On Fri, Sep 28, 2012 at 12:55 AM, Craig Weinberg <whatsons...@gmail.com> wrote:
> Say that you have been captured by the [totalitarian fiend of your choice],
> and are tied up in a basement somewhere. The torture has begun, and is has
> become clear that it will continue to get worse until you 'become one of
> them'.
> Fortunately you have been supplied by your team with a 'Chalmers' device,
> which allows you to know exactly what to say and do to convince your captors
> that you have turned and become 'one of them' in earnest. Using real-time em
> field sensitivity and quantum computing, the computational states are not
> only analyzed, but predicted for everyone in the room so that you are
> furnished with the best lines and gestures, sobbing, explaining, etc.
> The Chalmers device allows you to be a flawless actor. Is there any reason
> that this wouldn't work in theory? What law says that acting can only be so
> good, and beyond that you actually have to 'love Big Brother' in order to
> seem like you do? If we had a device that would allow us to control our
> bodies, emotions, and minds precisely and absolutely, why couldn't we use
> that device as a mask?

The perfect actor might believe it or he might just be acting. Acting
is top-down replacement, not bottom-up replacement. Bottom-up
replacement would involve replacing a part of your brain so that you
didn't notice any difference and no-one else noticed any difference.

> Part II
> Instead of replacing parts of the brain with perfect functional replicas,
> what if we used a hot wire to ablate or burn parts of the brain. If I burn
> one region, you lose the power of speech. If I burn another, you lose all
> understanding of physics and math. If I burn another, you go into a coma. I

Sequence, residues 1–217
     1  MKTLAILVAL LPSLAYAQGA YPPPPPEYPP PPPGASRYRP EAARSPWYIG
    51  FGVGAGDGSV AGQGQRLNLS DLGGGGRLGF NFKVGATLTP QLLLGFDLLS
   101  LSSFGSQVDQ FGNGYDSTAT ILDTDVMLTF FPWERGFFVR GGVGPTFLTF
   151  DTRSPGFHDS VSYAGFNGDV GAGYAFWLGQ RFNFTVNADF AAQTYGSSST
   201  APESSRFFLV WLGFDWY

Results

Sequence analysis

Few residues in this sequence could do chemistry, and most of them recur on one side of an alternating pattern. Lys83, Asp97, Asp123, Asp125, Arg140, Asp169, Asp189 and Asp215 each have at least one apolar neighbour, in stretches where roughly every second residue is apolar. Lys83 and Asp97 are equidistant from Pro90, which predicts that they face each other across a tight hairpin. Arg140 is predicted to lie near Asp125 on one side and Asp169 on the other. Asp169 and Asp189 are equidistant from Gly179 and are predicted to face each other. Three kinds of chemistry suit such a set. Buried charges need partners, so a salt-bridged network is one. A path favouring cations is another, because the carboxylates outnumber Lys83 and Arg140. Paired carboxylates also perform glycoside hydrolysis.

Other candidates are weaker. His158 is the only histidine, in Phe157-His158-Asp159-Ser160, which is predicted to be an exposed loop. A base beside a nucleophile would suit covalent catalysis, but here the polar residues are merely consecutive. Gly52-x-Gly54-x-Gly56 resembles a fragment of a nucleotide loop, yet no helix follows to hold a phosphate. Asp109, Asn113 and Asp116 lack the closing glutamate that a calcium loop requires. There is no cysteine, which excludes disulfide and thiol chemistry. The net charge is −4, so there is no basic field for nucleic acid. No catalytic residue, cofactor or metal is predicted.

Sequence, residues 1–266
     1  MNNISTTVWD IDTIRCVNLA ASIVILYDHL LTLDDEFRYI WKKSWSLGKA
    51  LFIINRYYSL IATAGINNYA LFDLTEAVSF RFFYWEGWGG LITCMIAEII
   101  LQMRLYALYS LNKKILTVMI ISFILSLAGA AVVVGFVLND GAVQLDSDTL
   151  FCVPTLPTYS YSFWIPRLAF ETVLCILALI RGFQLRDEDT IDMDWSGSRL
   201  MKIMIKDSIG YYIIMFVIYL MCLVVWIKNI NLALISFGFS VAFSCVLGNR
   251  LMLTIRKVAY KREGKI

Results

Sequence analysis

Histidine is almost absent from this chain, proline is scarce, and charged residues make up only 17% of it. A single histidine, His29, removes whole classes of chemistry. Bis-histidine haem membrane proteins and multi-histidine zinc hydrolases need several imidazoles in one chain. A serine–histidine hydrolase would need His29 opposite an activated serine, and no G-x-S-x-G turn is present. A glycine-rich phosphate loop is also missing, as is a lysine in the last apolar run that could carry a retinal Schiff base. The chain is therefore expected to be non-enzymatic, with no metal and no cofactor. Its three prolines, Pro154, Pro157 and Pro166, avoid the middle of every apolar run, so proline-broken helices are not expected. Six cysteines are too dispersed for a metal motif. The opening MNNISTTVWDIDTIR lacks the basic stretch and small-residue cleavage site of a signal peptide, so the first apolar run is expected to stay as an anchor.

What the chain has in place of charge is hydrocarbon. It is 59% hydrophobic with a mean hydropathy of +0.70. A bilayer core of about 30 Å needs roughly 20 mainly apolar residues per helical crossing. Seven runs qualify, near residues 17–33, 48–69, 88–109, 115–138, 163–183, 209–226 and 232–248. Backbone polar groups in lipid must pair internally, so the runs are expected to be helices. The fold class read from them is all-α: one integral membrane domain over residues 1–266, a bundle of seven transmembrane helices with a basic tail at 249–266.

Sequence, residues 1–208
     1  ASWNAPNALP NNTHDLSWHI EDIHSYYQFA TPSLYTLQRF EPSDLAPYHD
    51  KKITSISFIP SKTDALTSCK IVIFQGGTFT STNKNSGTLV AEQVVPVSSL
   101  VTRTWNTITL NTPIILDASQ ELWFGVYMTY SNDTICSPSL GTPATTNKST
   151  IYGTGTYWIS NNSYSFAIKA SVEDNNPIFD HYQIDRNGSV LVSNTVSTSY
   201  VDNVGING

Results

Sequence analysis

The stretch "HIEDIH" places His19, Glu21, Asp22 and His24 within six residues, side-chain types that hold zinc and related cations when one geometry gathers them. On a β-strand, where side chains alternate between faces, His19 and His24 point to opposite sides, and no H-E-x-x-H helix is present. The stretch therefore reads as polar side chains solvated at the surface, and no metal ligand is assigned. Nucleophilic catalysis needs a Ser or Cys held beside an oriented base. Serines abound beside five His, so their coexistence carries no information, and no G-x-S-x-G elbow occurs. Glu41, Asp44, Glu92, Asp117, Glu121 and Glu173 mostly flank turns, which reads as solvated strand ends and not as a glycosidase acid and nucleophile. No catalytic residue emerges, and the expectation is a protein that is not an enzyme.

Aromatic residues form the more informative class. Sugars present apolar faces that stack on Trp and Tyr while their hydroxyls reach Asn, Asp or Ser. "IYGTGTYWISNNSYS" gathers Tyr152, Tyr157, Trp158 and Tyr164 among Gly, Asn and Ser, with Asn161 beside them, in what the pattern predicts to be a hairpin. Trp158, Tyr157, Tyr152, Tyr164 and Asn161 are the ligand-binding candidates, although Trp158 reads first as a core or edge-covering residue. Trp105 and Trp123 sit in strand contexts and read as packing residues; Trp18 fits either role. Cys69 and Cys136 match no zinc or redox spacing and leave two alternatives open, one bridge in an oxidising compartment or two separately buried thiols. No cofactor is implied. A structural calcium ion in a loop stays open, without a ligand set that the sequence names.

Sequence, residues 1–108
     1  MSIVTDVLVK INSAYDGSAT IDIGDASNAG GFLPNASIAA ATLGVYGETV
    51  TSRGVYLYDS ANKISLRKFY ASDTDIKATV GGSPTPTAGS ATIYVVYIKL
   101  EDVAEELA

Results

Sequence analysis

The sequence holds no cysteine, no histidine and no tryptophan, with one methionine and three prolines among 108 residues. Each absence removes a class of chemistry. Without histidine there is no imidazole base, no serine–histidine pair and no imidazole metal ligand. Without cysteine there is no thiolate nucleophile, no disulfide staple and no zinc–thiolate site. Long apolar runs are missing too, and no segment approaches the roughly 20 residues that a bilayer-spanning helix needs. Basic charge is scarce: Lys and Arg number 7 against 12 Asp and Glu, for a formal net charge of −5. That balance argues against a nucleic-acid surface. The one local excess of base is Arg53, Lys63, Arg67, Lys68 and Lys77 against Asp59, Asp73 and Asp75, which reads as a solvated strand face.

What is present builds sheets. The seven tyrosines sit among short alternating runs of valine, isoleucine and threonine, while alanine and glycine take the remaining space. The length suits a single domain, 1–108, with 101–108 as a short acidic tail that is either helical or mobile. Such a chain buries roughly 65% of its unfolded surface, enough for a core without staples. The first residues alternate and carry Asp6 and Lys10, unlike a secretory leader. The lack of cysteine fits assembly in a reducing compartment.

> can do different combinations of ablation on different subjects, but would
> there be any case in which someone who was dead could be induced to speak or
> solve math problems? Why not? I could replace the motherboard of a burned
> out computer with any other compatible motherboard and expect to pick up
> right where I left off. If I toasted a critical part of any computer, there
> is no loss of potential functionality to any of the other parts, whether
> that part is implicated in the boot up process or not. Just because a
> computer won't boot doesn't mean that it can't be easily repaired. Not so
> with a living organism. If you blow out a simple power supply in a
> biological system, it will never run again - not even a little bit.
> What say ye?

Replacing body parts that break down with artificial ones is
well-established in the medical industry, and will become increasingly
so in future as the devices become more sophisticated.

Stathis Papaioannou

You received this message because you are subscribed to the Google Groups 
"Everything List" group.
To post to this group, send email to everything-list@googlegroups.com.
To unsubscribe from this group, send email to 
For more options, visit this group at 

Reply via email to